- Research article
- Open Access
- Open Peer Review
Influence of seasonal variation on reported filarial attacks among people living with lymphedema in Ghana
BMC Infectious Diseases volume 19, Article number: 442 (2019)
Lymphatic Filariasis (LF) is a vector-borne neglected tropical disease caused by the filarial nematode parasites that can lead to the disfiguring swelling of the limbs (lymphedema or elephantiasis for late stage) and/or genitalia (hydrocele) in men. Growing evidence suggests that not only are filarial lymphedema patients confronted with huge societal stigma and discrimination, but also experience acute filarial attacks accompanied by swelling of the affected part(s), fever, wounds and peeling of the skin of affected limbs(s). However, the extent to which seasonal variation influence filarial attacks among people with lymphedema was highly speculated without empirical evidence and was thus investigated.
In light of this, a cross-sectional study where 142 (70.4% females and 29.6% males) lymphedema patients were recruited from 8 established Wuchereria bancrofti endemic communities in the Ahanta West District, Ghana was carried out to investigate the prevalence and seasonal variation (rainy/wet and dry seasons) of acute filarial attacks. Chi-square test was used to test for association between frequency of attacks and seasonality. The STROBE guidelines for reporting cross-sectional studies was adopted.
The average lymphedema leg stage was 2.37 and 2.33 for left and right legs, respectively, while mossy lesions, sores and ulcers were observed among 33.1% of patients with late stage disease (elephantiasis). It was found that 97 (68.3%) of the study participants experience filarial attacks during the wet season and 36 (25.4%) reported the incidence of filarial attacks during both seasons (wet and dry) while 9 (6.3%) of the study participants did not experience any attack at all.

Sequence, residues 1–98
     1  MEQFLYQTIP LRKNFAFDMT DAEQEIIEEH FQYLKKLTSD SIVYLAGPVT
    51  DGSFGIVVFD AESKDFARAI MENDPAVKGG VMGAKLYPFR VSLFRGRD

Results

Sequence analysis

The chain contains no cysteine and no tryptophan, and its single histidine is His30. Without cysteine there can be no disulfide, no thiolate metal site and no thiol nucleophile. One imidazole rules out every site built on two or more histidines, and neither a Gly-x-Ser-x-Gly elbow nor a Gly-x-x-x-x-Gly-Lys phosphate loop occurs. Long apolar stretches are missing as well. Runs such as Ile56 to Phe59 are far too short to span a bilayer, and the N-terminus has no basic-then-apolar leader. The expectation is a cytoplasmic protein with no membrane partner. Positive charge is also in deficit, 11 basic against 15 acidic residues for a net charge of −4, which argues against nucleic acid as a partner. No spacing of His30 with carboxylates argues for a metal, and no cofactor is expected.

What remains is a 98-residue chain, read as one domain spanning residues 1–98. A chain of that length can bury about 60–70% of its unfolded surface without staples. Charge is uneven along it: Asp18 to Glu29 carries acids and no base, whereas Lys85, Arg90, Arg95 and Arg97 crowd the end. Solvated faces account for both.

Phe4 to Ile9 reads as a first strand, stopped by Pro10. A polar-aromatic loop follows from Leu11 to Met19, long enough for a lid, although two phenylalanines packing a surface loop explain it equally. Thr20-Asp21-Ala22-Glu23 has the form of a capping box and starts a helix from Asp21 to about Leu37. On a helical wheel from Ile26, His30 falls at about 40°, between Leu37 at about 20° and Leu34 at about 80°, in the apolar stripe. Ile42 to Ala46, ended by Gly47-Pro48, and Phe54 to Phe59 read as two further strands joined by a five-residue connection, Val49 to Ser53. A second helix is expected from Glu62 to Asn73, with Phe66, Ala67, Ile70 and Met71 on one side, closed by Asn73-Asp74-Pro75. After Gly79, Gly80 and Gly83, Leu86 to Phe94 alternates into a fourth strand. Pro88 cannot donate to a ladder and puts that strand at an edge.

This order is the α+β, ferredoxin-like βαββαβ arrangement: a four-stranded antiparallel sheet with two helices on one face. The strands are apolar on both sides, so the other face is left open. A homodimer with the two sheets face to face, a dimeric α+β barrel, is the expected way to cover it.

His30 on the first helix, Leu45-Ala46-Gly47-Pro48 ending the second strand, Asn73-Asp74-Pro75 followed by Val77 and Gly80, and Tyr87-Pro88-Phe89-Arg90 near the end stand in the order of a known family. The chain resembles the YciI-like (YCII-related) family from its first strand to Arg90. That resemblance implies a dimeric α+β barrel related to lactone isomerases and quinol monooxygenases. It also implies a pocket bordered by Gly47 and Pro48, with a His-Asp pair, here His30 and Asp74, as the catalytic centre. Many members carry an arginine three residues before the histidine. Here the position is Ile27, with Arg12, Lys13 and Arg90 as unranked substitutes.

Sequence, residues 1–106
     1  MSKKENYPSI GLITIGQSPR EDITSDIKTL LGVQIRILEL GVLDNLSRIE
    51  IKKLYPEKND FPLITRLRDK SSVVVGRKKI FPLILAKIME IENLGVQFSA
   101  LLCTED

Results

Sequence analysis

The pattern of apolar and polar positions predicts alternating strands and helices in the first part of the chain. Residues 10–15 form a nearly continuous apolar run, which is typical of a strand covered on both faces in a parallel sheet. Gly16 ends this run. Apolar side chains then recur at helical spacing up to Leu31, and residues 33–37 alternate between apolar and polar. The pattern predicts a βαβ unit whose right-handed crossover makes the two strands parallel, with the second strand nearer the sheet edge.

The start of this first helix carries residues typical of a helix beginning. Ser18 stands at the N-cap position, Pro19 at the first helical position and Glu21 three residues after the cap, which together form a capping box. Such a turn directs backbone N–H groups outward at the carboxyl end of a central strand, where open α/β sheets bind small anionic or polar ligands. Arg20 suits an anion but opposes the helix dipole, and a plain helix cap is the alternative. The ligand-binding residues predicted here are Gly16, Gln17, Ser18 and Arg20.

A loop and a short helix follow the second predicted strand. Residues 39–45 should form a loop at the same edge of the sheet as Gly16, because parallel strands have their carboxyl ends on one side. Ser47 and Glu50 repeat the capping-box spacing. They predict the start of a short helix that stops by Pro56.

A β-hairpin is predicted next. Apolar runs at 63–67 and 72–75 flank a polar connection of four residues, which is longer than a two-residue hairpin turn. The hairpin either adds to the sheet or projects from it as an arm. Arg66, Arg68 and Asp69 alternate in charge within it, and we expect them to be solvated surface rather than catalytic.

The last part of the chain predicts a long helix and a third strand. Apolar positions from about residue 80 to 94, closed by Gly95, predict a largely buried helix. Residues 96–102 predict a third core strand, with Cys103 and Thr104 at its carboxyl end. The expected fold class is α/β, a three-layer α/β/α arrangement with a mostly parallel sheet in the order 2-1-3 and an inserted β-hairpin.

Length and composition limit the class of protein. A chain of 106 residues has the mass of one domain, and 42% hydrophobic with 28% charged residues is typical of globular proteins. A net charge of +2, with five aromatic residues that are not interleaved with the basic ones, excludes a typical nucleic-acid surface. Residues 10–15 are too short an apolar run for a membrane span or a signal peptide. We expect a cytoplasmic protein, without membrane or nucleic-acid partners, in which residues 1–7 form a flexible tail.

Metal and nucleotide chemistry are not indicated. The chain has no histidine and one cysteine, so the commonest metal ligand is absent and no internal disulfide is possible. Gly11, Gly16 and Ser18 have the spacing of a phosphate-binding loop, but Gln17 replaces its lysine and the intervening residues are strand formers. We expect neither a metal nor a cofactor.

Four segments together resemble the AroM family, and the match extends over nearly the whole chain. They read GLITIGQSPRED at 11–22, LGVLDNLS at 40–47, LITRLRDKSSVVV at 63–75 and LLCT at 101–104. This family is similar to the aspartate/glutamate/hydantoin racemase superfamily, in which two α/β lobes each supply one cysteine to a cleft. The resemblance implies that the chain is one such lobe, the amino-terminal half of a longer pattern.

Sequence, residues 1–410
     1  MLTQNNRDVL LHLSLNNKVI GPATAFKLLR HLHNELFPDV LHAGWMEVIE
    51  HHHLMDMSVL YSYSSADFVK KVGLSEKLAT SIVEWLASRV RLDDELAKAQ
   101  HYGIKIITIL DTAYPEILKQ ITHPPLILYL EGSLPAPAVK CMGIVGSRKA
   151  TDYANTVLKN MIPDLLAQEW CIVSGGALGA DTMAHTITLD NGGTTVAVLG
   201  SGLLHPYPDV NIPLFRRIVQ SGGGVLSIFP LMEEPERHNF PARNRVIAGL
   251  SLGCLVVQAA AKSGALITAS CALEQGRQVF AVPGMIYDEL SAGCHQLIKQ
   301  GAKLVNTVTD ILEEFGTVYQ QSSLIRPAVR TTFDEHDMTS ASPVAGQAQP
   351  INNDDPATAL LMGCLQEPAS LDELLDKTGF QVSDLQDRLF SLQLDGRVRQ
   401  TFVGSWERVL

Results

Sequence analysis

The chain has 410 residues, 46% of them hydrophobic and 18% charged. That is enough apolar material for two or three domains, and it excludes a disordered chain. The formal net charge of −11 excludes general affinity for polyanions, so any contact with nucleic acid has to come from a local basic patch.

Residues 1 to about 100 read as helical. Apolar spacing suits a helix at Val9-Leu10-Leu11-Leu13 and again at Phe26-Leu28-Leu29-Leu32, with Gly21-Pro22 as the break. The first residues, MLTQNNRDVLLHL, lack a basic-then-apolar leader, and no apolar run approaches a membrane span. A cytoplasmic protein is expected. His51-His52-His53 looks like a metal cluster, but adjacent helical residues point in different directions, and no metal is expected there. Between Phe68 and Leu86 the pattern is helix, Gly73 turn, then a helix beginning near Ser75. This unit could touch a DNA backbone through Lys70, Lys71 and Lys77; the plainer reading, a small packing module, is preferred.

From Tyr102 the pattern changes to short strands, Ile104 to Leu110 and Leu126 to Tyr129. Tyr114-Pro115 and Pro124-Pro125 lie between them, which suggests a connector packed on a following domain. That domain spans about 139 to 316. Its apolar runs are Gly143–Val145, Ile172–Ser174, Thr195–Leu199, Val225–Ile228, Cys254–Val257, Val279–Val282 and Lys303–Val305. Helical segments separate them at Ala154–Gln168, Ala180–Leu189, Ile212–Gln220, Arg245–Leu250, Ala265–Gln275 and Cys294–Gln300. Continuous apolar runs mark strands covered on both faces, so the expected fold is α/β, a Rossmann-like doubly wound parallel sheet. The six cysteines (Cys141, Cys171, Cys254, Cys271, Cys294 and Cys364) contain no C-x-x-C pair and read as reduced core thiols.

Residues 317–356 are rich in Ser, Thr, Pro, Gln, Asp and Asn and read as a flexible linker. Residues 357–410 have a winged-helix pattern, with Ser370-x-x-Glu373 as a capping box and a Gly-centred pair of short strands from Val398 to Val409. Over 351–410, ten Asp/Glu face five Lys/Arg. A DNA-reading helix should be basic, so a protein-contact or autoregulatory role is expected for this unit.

Findings from the present study show compelling evidence that the frequency and the prevalence of filarial attacks is significantly increased during wet seasons compared to the dry season.
Lymphatic filariasis (LF), the arthropod-borne disease, is a significant public health problem in most developing countries . The disease affects more than 120 million people worldwide and is transmitted by thread-like nematode parasites including Wuchereria bancrofti which accounts for 90% of the infection . This disease manifests overtly as lymphedema (LE) and hydrocele. It is worth noting that although transmission can be targeted with existing microfilaricidal drugs, such as Diethylcarbamazine, Ivermectin, and Abendazole, morbidity associated with LF (lymphedema and hydrocele) which affects > 40 million people, cannot be effectively treated by anti-filarial chemotherapy without the complementary activity of the host immune response . People with filarial pathologies (lymphedema and hydrocele) frequently present with oedema in the affected parts with repeated attacks of adenolymphangitis (characterised by lymph node swelling, excruciating pains and feverish conditions) which confines most patients to bed preventing them from engaging in social and economic activities [4, 5]. On the other hand, not only does LF lead to disfiguring pathologies and other complications but may result in depressive mental illness due to the social stigmatization against infected individuals .